W3C home > Mailing lists > Public > public-css-testsuite@w3.org > March 2015

Re: [css3-ui] cursor image format tests

From: Chris Lilley <chris@w3.org>
Date: Tue, 24 Mar 2015 14:41:55 +0100
Message-ID: <754415653.20150324144155@w3.org>
To: Florian Rivoal <florian@rivoal.net>
CC: "public-css-testsuite@w3.org" <public-css-testsuite@w3.org>
Hello Florian,

Tuesday, March 24, 2015, 1:52:53 PM, you wrote:

>>> 1) Since you're testing for various image formats, I'll first note
>>> we haven't yet added anything to the specification regarding
>>> formats. (Rossen should get back to us this Wednesday, and we'll know more then).
>> 
>> Yes, I know. And this had previously hindered writing such tests.
>> 
>> The point of making the tests was to allow an informed, test-based decision as to
>> what the spec should actually require in terms of image formats. I
>> would then update the tests for those formats which are not mandatory.

> If you're going down that path, testing various SVG modes would be quite good as well.
> https://svgwg.org/specs/integration/#processing-modes
> I believe that Chrome and Firefox support the secure static mode (which Tab and I were
> proposing to make a MUST), while Safari supports the secure animated mode (which we
> were proposing as a SHOULD).

I agree that these modes are ripe for testing here.

>>>> 009   PNG image with css-supplied hotspot, relative URL, no fallback.
>> 
>>> This test is incorrect. Per the spec's grammar, a fallback is
>>> required. You should change the description of the test to: "The
>>> test passes if, when moved inside the pale green rectangle, the
>>> cursor does not change", include "invalid" in <meta name="flags"
>>> content, and change the assertion to "Test checks that a fallback cursor is required."
>> 
>> My bad. I thought that fallback was optional (I think it used to be,
>> for the cursor property).

> It's been mandatory since the 1998 PR of CSS2.0, but it was
> optional in the 1998 WD (and in the 1997 WD, you could not have a
> fallback). So you're correct, but I am not sure whether to praise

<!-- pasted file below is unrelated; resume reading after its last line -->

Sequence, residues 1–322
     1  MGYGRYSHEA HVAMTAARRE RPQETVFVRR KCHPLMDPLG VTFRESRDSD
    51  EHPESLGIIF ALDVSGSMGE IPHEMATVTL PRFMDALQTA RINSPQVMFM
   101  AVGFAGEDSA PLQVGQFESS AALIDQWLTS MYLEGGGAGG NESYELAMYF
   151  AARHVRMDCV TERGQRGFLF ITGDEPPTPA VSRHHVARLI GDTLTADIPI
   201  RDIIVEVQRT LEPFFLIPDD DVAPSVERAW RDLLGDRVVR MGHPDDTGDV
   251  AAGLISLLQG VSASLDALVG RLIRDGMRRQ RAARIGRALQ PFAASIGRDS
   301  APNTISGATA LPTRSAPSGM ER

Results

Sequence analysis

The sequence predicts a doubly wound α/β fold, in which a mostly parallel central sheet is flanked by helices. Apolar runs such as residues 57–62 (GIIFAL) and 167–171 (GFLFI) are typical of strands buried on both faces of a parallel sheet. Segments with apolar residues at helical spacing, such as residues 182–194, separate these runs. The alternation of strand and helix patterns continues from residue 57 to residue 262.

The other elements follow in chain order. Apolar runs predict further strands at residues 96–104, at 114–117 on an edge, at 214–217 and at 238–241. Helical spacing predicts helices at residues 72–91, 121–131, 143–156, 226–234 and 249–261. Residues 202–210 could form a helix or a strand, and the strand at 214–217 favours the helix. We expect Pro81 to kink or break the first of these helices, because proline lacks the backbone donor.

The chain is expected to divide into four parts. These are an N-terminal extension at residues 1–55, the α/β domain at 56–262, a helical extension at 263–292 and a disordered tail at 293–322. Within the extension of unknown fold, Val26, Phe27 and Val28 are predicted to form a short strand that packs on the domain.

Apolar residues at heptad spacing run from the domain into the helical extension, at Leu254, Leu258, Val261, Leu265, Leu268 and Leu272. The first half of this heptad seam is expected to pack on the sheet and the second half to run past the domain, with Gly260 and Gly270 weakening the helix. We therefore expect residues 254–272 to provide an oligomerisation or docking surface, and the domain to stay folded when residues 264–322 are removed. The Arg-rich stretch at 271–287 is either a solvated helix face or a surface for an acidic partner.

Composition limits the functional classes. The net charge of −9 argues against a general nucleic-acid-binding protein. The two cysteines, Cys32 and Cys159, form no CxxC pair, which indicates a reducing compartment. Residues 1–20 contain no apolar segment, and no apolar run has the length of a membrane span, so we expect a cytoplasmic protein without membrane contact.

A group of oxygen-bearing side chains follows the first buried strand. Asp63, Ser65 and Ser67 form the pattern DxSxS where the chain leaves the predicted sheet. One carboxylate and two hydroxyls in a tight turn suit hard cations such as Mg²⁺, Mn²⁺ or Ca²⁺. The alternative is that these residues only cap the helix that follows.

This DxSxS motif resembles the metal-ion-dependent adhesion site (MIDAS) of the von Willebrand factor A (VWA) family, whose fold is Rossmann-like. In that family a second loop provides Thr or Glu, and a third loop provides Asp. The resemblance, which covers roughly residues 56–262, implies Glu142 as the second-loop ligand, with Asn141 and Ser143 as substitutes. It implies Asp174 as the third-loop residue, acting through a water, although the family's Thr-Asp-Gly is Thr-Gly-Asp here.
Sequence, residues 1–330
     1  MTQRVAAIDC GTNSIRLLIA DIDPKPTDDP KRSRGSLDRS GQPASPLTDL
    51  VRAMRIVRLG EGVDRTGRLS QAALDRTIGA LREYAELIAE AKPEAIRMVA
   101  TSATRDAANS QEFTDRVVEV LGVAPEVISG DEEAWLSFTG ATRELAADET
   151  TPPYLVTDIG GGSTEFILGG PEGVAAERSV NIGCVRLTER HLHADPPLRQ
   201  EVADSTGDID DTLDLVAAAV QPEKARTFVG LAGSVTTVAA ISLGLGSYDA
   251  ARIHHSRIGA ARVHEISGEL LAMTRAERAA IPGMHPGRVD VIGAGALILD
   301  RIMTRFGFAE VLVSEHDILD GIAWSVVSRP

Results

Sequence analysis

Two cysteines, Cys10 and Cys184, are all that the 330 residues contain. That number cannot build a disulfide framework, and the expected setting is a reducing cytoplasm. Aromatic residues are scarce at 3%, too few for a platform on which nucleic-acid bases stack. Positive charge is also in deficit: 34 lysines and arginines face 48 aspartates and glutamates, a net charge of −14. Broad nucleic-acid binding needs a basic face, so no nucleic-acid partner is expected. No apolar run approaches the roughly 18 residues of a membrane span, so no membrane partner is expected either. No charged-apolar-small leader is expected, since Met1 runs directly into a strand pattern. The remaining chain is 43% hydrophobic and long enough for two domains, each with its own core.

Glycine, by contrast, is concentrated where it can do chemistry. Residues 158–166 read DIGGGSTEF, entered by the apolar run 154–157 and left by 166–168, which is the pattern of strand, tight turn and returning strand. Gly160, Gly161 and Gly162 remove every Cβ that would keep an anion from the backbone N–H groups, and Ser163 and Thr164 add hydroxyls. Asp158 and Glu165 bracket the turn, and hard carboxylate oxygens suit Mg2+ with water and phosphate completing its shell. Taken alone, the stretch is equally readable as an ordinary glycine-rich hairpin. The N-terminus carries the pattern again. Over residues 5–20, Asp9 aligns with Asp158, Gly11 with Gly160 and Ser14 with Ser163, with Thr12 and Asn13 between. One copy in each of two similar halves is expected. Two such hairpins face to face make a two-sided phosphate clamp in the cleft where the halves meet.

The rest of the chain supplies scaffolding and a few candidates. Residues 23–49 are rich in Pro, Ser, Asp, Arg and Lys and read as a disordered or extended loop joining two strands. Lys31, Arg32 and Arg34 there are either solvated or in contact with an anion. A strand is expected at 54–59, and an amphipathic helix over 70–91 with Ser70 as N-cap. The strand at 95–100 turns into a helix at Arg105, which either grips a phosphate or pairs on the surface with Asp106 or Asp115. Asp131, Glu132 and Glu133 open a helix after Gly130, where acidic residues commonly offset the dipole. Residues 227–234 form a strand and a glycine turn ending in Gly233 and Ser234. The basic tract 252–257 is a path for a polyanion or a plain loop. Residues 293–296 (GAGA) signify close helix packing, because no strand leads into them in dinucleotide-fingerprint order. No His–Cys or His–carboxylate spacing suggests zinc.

> your memory, or to suggest you chose a slightly newer draft to work from when writing tests :)

Its ok, I know you well enough that "read the damn spec, Chris" is
appropriate. Should not trust to memory like that.

>>> "The default object size for cursor images is a UA-defined size
>>> that should be based on the size of a typical cursor on the UA’s operating system.
>> 
>>> The concrete object size is determined using the default sizing
>>> algorithm. If an operating system is incapable of rendering a cursor
>>> above a given size, cursors larger than that size must be shrunk to
>>> within the OS-supported size bounds, while maintaining the cursor image’s intrinsic ratio, if any."
>> 
>> Hmm, the default sizing algorithm is that wierd 150 x 300 px thing?
>> Which is then shrunk down to "typical" cursor size?

> No, that's not that one. It's this one, which is much less silly:

> http://dev.w3.org/csswg/css-images-3/#default-sizing-algorithm

> Relevant quote:

>> [...]
>> If the specified size has no constraints:
>>  - If the object has an intrinsic height or width [...]
>>  - Otherwise, its size is resolved as a contain constraint against the default object size. 

Where default object size is, here, the default cursor size. I can buy
that, but wonder if the trail is sufficiently clear for implementors
to also see that and implement it.

>>> If a browser has deficient
>>> support for some variants of PNG (or .cur, or whatever), it is
>>> useful to know and to get it fixed, but do we want to hold it
>>> against them in the context of the css3-ui spec?
>> 
>> As examples, Firefox correctly renders the PNG images when used on the
>> HTML img element and when included with css :before content, but
>> renders some of them incorrectly (double gamma correction or no gamma
>> correction, depending on color type) when used as cursors.
>> 
>> I was previously unaware of this flaw and it would not be exposed by
>> just testing image formats, only by testing image cursors as well. So
>> for interop, clearly these tests have value. Once they are reviewed
>> and show up in the CSS3 UI testsuite, I can raise a bug on Firefox,
>> pointing to the ones that fail.

> Fair enough. To be clear, I want the tests of the image formats *using cursor*
> to exist, I was just not sure which was the right host for them. But if the WG
> and the process are conformable having them in the css-ui test suite, I'm good
> with that, as it does fulfill the criteria you mentioned.

OK great.

> I'll also note that cursors are somewhat special, and there may be platform
> limitations as to what you can do. The spec mentions one about size,

Yes, I see that Safari used to have a max size of 50x50 but now allows
at least 64x64 for example. In general I have used 32 or 64 as being
big enough to see. After reading the spec more closely (note to self)
it may be worth having some tests that probe behaviour with slightly
larger and ridiculously large sizes.

>  but I wouldn't
> be surprised if there were some about color bit depth or gamma. That said,
> if there are such limitations, having tests will expose them, and then we can
> add relevant wording to the spec to say how to deal with them.

Exactly.

In general, I think we need to tie testing and spec writing more
closely together. Have exploratory tests earlier to inform spec
development, with the expectation that tests and spec may need to
change over time.

Thanks for your helpful comments, Florian


-- 
Best regards,
 Chris Lilley, Technical Director, W3C Interaction Domain
Received on Tuesday, 24 March 2015 13:41:58 UTC

This archive was generated by hypermail 2.4.0 : Friday, 20 January 2023 19:58:21 UTC